That's the title of an article by Mark Schreiber in yesterday's (Aug. 25, 2013) Japan Times. It has to do with a topic that we've discussed quite a bit on Language Log in recent weeks and months (e.g. here, with references to earlier posts on the subject): borrowings to and from Japanese.
Since the article is succinct, lively, and exemplary in its presentation, seemingly designed with a pedagogical purpose in mind, I shall quote it entirely:
A 71-year-old man in Gifu Prefecture made headlines recently when he attempted to initiate a lawsuit against broadcaster NHK. Through its excessive use of foreign derived words, the man claimed, NHK had caused him 精神的苦痛 (seishinteki kutsū, psychological pain). He demanded ¥1.41 million in 慰謝料 (isharyō, damages).
The local court refused to hear the case. But Nikkan Gendai newspaper (July 5) rose to the man’s defense, saying その気持ち、よく分かる (sono kimochi, yoku wakaru, that feeling is well understood), adding 政治もビジネスも、今やカタカナ語だらけ (seiji mo bijinesu mo ima ya katakana-go darake, now more than ever, politics and business are full of katakana loanwords).
だらけ(darake) is a useful descriptive suffix implying, negatively, that something is full of, or crawling with, whatever.
The term カタカナ語 (katakana-go) is used alternatively with 外来語 (gairaigo, words that come from outside, i.e., of foreign origin), but differentiates such words specifically as being written using the katakana syllabary, as opposed to borrowings from Chinese written in kanji.
Nikkan Gendai’s writer recalls that Prime Minister Shinzo Abe, in his first-term inaugural speech back in 2006, had used such awkward expressions as イノベーションの創造 (inobēshon no sōzō, creation of innovation) and テレワーク人口の倍増 (terewāku jinkō no baizō, doubling the number of teleworkers, i.e., telecommuters). These terms, said the writer, resulted in 多くの国民がチンプンカンプンだった (ōku no kokumin ga chinpun-kanpun datta, came across as gibberish to many citizens). チンプンカンプン (chinpun-kanpun, gibberish) is of indeterminate origin, although its close resemblance to the Mandarin Chinese phrase 聽不懂,看不懂 ting bu dong, kan bu dong, (literally “hear-not-understand, see-not-understand”) has not escaped notice.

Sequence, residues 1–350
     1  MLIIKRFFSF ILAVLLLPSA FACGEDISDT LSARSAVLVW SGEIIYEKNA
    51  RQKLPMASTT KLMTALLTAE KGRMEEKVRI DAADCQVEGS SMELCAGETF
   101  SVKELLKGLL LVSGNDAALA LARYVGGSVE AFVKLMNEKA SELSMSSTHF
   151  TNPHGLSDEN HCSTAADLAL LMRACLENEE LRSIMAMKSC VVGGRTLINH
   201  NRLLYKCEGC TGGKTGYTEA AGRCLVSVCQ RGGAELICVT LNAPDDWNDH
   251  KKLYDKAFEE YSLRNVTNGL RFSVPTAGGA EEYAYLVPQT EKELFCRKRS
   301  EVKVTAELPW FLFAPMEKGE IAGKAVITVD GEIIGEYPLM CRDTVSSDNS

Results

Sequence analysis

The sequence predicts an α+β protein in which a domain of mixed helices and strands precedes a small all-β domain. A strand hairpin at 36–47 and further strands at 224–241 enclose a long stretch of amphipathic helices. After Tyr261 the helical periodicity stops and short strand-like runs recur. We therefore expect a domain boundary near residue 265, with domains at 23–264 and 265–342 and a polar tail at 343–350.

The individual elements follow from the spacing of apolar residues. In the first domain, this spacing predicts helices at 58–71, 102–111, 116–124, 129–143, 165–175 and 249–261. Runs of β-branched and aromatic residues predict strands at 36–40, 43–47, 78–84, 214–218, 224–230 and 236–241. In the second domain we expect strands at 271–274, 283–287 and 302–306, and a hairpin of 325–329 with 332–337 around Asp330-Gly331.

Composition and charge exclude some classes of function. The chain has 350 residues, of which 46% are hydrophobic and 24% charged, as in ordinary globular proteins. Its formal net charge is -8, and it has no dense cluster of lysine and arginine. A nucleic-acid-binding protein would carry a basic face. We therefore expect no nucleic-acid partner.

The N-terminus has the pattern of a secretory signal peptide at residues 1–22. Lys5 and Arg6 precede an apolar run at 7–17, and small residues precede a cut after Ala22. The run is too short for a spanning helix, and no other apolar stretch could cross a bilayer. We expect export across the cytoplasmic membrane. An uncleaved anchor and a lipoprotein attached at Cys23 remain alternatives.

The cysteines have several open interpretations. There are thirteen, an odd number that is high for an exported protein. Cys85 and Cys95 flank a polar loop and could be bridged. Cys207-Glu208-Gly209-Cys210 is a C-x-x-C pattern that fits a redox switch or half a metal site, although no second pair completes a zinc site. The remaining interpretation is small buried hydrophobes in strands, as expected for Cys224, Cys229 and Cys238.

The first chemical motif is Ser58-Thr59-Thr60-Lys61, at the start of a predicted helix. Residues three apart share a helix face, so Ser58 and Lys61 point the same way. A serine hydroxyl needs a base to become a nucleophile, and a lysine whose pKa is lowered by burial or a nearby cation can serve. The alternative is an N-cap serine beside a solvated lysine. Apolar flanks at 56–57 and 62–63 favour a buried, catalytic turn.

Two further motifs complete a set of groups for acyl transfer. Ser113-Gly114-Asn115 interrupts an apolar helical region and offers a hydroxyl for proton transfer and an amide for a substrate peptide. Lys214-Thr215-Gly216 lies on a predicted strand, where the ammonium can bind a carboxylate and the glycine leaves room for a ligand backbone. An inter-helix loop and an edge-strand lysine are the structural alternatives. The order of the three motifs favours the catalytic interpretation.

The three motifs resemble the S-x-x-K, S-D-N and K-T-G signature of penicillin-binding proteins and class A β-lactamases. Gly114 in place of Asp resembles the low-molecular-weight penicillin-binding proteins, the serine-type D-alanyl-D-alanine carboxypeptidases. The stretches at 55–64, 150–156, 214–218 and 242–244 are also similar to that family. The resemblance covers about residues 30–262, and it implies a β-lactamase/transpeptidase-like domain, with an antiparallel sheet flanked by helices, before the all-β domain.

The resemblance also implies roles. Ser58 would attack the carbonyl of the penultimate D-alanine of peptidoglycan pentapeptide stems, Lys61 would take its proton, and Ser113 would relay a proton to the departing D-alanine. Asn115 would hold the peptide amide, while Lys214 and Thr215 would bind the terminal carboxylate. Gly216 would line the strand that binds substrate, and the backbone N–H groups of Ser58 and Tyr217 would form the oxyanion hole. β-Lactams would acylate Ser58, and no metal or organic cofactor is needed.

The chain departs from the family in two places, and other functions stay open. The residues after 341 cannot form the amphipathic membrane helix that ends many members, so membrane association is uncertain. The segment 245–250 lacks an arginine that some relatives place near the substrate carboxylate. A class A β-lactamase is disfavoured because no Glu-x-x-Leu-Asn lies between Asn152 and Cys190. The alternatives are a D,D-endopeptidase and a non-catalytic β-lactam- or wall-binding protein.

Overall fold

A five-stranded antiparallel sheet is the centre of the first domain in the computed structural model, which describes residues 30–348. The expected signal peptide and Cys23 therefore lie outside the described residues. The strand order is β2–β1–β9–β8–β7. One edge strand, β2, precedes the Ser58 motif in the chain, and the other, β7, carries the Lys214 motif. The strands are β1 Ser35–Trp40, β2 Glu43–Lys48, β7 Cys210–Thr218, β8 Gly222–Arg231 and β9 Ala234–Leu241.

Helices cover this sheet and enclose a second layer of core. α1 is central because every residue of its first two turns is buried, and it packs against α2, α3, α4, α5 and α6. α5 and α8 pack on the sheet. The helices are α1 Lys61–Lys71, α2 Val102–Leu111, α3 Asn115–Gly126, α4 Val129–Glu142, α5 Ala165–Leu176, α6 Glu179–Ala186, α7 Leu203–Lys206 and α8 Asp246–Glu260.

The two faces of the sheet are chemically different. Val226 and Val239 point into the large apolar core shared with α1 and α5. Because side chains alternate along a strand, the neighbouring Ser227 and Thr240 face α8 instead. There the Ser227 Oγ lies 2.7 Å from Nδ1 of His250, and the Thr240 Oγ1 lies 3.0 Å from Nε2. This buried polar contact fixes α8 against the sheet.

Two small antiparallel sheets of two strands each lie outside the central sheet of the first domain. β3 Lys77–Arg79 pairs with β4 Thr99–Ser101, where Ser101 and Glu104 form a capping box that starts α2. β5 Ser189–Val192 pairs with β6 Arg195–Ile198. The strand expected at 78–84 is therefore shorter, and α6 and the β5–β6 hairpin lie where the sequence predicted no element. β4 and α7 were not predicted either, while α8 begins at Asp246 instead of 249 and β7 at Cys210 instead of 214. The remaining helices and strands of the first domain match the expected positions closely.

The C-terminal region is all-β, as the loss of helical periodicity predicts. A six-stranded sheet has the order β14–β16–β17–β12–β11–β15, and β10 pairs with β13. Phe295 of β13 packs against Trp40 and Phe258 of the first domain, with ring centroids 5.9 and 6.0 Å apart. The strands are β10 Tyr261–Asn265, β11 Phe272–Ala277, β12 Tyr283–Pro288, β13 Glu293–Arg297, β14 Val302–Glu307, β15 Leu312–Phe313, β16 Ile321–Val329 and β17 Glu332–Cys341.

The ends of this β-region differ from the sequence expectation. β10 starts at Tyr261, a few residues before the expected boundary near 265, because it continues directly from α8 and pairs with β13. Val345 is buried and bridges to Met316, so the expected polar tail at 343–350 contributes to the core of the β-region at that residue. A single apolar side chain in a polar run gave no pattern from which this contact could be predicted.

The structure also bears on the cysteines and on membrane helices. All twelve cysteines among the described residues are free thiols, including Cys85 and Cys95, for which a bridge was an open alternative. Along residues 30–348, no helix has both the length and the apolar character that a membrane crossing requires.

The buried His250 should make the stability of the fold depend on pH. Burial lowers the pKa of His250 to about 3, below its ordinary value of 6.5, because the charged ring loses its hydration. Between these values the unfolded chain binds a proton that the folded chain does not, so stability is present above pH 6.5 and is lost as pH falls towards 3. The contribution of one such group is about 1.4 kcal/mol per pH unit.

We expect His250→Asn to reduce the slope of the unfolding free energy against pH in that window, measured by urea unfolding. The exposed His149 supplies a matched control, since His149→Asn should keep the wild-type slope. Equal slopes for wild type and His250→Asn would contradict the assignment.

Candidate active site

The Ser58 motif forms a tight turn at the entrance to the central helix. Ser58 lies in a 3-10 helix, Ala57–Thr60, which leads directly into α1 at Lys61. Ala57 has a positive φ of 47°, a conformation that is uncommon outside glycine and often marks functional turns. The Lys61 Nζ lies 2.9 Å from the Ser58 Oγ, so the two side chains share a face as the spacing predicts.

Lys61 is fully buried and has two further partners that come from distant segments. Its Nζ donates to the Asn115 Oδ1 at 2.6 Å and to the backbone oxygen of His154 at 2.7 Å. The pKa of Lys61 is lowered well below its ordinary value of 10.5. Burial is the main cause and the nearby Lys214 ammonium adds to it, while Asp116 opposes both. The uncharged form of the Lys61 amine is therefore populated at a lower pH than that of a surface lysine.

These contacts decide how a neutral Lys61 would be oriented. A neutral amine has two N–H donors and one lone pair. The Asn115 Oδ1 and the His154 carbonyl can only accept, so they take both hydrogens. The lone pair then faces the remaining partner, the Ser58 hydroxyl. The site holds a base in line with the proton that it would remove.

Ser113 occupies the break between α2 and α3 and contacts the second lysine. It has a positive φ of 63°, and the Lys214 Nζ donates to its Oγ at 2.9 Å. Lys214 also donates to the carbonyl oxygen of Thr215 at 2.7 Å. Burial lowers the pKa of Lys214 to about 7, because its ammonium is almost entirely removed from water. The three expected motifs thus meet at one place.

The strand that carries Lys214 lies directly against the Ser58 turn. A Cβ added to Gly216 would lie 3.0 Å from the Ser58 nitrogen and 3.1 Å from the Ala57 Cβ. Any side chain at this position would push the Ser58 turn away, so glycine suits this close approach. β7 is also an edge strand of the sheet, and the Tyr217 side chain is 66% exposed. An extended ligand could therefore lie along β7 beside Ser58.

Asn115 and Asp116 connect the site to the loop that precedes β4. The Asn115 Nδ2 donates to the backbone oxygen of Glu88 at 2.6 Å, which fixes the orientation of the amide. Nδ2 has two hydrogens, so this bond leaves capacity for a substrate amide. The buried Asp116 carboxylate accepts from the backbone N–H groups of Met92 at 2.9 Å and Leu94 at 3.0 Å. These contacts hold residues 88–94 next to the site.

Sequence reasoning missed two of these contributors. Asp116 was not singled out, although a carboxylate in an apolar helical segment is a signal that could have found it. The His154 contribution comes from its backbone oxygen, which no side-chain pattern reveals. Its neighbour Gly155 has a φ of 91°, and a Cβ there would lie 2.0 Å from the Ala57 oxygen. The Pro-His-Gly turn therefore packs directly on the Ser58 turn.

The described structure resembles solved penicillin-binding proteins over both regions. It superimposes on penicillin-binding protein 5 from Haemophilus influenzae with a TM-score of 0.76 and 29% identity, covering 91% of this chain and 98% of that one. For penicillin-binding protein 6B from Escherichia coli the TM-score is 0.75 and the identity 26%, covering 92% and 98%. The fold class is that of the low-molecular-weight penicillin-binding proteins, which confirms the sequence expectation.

While Abe appears to be making greater efforts to reduce use of katakana-go, plenty of other public figures continue to sprinkle their speech with unfamiliar word imports. The article singled out Keio University professor and economic pundit Heizo Takenaka as particularly notorious, citing such examples as 新たなフロンティアを作り出す (arata na furontia wo tsukuri dasu, to carve out new frontiers); 多様なリスクテイク (tayō na risuku teiku, diverse risk taking) and 営農者をスティミュレイトするのか (einōsha wo sutimyureito suru no ka, will this stimulate agribusiness operators?).
All three of the above, the article points out, have perfectly good ways to express the same thing using Japanese. Frontiers is 開拓地 (kaitakuchi); risk taking is 危険な受け入れ (kiken na ukeire); and stimulate is 刺激する (shigeki suru).
Kenji Uchida of the Hanashikata Kenkyujo (Way of Speaking Institute) advises when making business presentations, 先ずはできるだけ日本語に直して使うこと (Mazu wa dekirudake nihongo ni naoshite tsukau koto, the first thing is to revise it to use Japanese to the greatest extent possible). He added, カタカナ語を使ったら、＜すなわち＞や＜つまり＞で意味を説明するのもマナーです (Katakana-go wo tsukattara, “sunawachi” ya “tsumari” de imi wo setsumei suru no mo manā desu, If katakana-go are to be used, it is good manners to follow them with sunawachi or tsumari [both of which mean "in other words"] and explain their meaning).
To demonstrate how bad things have become, Nikkan Gendai points to such extreme cases as シルバーエイジの、アメニティーライフをサポートします (shirubā eiji no, amenitī raifu wo sapōto shimasu, to support an amenity-filled lifestyle for [people of] “silver age”).
Returning to the lawsuit, it occurred to me that the 71-year-old litigant, as a product of the postwar education system, would have been exposed to a huge number of foreign words during his lifetime. Take 1989, the year he turned 47, and also the year the Asahi Shimbun published a book titled カタカナ仕事 (katakana shigoto, katakana occupations) devoted entirely to occupations whose names were written in katakana. They included リフォーマー (reformer, a person who does clothing alterations); メーキャッパー (mēkyappā, make upper or makeup artist); ヒーブ (hību or HEIB, an acronym for home economist in business); フードスタイリスト (fūdo sutairisuto, food stylist); グリーンコーディネーター (gurīn kōdinētā, green coordinator or horticulturalist); イベントプランナー (ibento purannā, event planner); and PAミキサー (PA mikisā, a person who controls the audio for the public address system at concerts and other performances). With examples like the above, I wonder: why did he wait until now to sue someone for all those years of “suffering”?
Did English stop being English when it borrowed 60% of its vocabulary from French after 1066? Persian and Arabic borrow heavily from each other, and Uyghur borrows massively from both, yet all of these languages somehow maintain a core of self-identity. Nonetheless, hypothetically, can we imagine a situation when a language borrows so heavily from another language that it loses its essential integrity? Has it ever happened in history?
Finally, is Japanese really in danger of being inundated by English?
[h.t. Ross Bender]